The simultaneous elections to Odisha’s Lok Sabha and state assembly seats this May-June will earn a place in history for two reasons: it marked the end of the 24-year-old uninterrupted reign of Naveen Patnaik – India’s second longest serving chief minister – and brought the first Bharatiya Janata Party government to power in the state.

But what is truly stunning is that the 2024 verdict is perhaps the only instance in Indian politics when a national political party defeated a regional political party after contesting an election on the theme of regional pride – Odia asmita, or self-respect.

For most political analysts in Odisha, this astounding result came to pass because of one major error by the ruling Biju Janata Dal. The party, with the blessings of its chief, allowed a Tamilian and former bureaucrat to become the face of the campaign and gave the BJP an extraordinary opportunity to whip up sentiments about Odia pride.

However, a case can be made that the BJP did not just benefit on account of this error by its opponent. For roughly seven years, the national party had also carefully amassed considerable legitimacy within Odisha as an organisation that apparently cares about the pride of the Odia people.

To understand why the BJP had an upper hand on the question of Odia Asmita, one must look at Odia sentiments over the last 35 years in relation to the Indian nation as an “imagined community”.

These sentiments probably started emerging after the economic reforms of the 1990s took educated Odias – particularly those in the IT service sector and few other white-collar jobs – to cities such as Bengaluru, Pune, Chennai, Kolkata, Ahmedabad, and Delhi.

Having established a certain amount of financial stability, these scattered groups of aspirational Odia migrants were crestfallen to eventually make the same discovery: their identity, politics and culture were peripheral or of little consequence to the rest of the nation, especially in the places they lived.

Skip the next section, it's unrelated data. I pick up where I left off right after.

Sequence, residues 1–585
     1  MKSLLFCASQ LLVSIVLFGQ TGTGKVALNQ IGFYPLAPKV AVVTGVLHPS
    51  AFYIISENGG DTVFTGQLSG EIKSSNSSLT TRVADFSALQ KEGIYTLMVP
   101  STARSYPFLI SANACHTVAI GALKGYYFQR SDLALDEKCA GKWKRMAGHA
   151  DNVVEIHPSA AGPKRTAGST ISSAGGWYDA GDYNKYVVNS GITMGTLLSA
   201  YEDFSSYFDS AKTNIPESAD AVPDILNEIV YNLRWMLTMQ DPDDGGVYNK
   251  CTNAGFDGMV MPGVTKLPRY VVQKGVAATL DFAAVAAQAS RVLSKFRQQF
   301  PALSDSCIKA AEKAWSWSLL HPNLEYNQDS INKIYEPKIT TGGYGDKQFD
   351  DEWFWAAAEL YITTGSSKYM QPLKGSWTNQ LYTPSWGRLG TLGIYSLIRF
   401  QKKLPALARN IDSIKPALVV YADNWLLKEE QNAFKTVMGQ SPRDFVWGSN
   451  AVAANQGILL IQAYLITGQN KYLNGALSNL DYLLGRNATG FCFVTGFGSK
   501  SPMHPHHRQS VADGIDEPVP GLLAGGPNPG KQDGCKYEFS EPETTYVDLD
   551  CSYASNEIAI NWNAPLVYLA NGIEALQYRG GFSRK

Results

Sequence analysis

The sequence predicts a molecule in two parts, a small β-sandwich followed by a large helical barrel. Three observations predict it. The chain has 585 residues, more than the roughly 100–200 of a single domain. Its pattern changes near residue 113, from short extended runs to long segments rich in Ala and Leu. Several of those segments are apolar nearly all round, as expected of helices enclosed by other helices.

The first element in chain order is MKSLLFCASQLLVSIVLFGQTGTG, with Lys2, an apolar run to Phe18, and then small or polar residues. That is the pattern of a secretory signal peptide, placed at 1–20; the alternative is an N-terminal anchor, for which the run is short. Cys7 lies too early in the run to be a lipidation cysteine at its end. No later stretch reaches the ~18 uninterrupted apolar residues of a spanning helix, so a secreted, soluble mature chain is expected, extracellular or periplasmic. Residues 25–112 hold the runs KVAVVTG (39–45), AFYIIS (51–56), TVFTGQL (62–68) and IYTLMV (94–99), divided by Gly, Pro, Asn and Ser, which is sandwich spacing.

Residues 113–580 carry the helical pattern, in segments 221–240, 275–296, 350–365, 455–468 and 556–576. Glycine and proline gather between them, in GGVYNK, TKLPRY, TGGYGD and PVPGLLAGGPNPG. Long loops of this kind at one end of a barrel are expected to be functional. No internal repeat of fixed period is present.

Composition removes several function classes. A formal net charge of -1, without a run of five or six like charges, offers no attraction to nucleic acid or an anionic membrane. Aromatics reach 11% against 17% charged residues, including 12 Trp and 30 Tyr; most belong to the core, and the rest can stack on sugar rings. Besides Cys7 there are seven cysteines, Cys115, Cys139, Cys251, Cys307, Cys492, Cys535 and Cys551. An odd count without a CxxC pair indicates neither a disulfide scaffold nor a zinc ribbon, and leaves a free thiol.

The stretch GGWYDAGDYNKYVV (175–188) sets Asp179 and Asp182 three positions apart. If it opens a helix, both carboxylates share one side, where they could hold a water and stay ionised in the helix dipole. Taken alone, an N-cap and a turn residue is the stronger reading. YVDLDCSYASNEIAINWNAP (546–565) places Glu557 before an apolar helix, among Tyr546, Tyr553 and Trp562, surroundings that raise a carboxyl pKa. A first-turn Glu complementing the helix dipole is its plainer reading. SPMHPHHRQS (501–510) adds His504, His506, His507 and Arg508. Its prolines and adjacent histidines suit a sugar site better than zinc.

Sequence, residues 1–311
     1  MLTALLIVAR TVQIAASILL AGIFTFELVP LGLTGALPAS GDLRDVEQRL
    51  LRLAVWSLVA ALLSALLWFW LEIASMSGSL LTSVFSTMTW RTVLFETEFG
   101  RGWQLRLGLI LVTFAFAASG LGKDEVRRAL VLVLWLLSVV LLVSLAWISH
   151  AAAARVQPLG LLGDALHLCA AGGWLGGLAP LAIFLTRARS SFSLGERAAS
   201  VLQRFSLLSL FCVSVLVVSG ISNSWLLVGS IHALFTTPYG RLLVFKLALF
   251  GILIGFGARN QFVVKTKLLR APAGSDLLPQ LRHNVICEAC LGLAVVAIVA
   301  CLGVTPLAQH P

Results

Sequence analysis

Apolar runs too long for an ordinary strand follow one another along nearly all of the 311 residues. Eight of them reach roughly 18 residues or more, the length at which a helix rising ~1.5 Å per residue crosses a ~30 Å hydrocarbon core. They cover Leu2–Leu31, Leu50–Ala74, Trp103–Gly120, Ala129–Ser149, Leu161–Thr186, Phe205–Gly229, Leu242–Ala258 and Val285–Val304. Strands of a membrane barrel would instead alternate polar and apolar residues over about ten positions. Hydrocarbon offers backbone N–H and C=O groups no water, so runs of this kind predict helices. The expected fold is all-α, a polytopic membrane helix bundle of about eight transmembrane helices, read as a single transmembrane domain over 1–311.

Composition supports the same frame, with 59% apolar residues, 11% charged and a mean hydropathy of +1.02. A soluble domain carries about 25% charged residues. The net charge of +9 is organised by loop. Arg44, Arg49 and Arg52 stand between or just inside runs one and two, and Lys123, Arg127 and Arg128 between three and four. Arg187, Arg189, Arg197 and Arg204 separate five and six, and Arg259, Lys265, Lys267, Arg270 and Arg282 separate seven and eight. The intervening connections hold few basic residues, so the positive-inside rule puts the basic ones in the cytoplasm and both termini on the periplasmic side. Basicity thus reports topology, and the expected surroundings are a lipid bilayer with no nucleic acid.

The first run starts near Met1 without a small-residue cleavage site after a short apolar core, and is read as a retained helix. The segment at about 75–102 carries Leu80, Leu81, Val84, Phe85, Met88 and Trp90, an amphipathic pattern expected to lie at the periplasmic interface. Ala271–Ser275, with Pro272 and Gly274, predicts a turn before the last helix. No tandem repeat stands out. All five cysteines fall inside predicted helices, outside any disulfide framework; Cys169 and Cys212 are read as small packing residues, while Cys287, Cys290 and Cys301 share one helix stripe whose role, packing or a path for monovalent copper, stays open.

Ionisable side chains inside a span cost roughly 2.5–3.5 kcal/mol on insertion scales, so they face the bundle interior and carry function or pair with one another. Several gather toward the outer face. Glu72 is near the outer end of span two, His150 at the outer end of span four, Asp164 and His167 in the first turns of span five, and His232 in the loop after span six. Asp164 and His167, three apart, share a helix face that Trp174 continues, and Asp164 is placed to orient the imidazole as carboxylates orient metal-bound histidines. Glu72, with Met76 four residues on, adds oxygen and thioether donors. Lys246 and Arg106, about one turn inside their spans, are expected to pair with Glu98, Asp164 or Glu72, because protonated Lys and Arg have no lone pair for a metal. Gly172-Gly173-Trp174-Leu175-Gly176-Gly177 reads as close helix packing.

VK Pandian with Naveen Patnaik. Credit: Biju Janata Dal @bjd_odisha/X.

There are at least two stark examples in this regard.

A recurrent and widespread complaint by educated Odias in the last 20 years describes the ignorance fellow-Indians in other states either harbour or feign about Odisha. From bitter jokes about non-Odia people asking where Bhubaneswar is located or anecdotes about being contemptuously dismissed as an etiolated version of Bengalis, educated white-collar Odias have bristled over this perceived invisibilisation and denigration.

Since as far back as the mid-1990s, these sentiments have trickled into the state and burrowed deep into the middle-class Odia psyche. Odias overwhelmingly feel that culturally, they are of little importance to the nation.

These cultural misgivings dovetailed with the uneasy acceptance of a chief minister who spoke Odia haltingly when he had to, but preferred to do it as little as possible.

Yet, it must be said that Naveen Patnaik has made some important contributions to the politics of “asmita”. During its tenure, the Biju Janata Dal secured classical language status for Odia, established an Odia University in Puri and spared no expense to host the first World Odia Language Conference.

The Biju Janata Dal government has set up infrastructure that could, in the long run, turn Odisha into the sports capital of the country. It sponsored the men and women National Hockey Teams and held two hockey world cup series in the state with great pomp and show.

Patnaik’s government built a heritage corridor around the Puri Sri Jagannath Temple and spent crores renovating and beautifying all important temples, mosques and churches across the state. It upgraded the decrepit classrooms in government schools with smartboards and other equipment.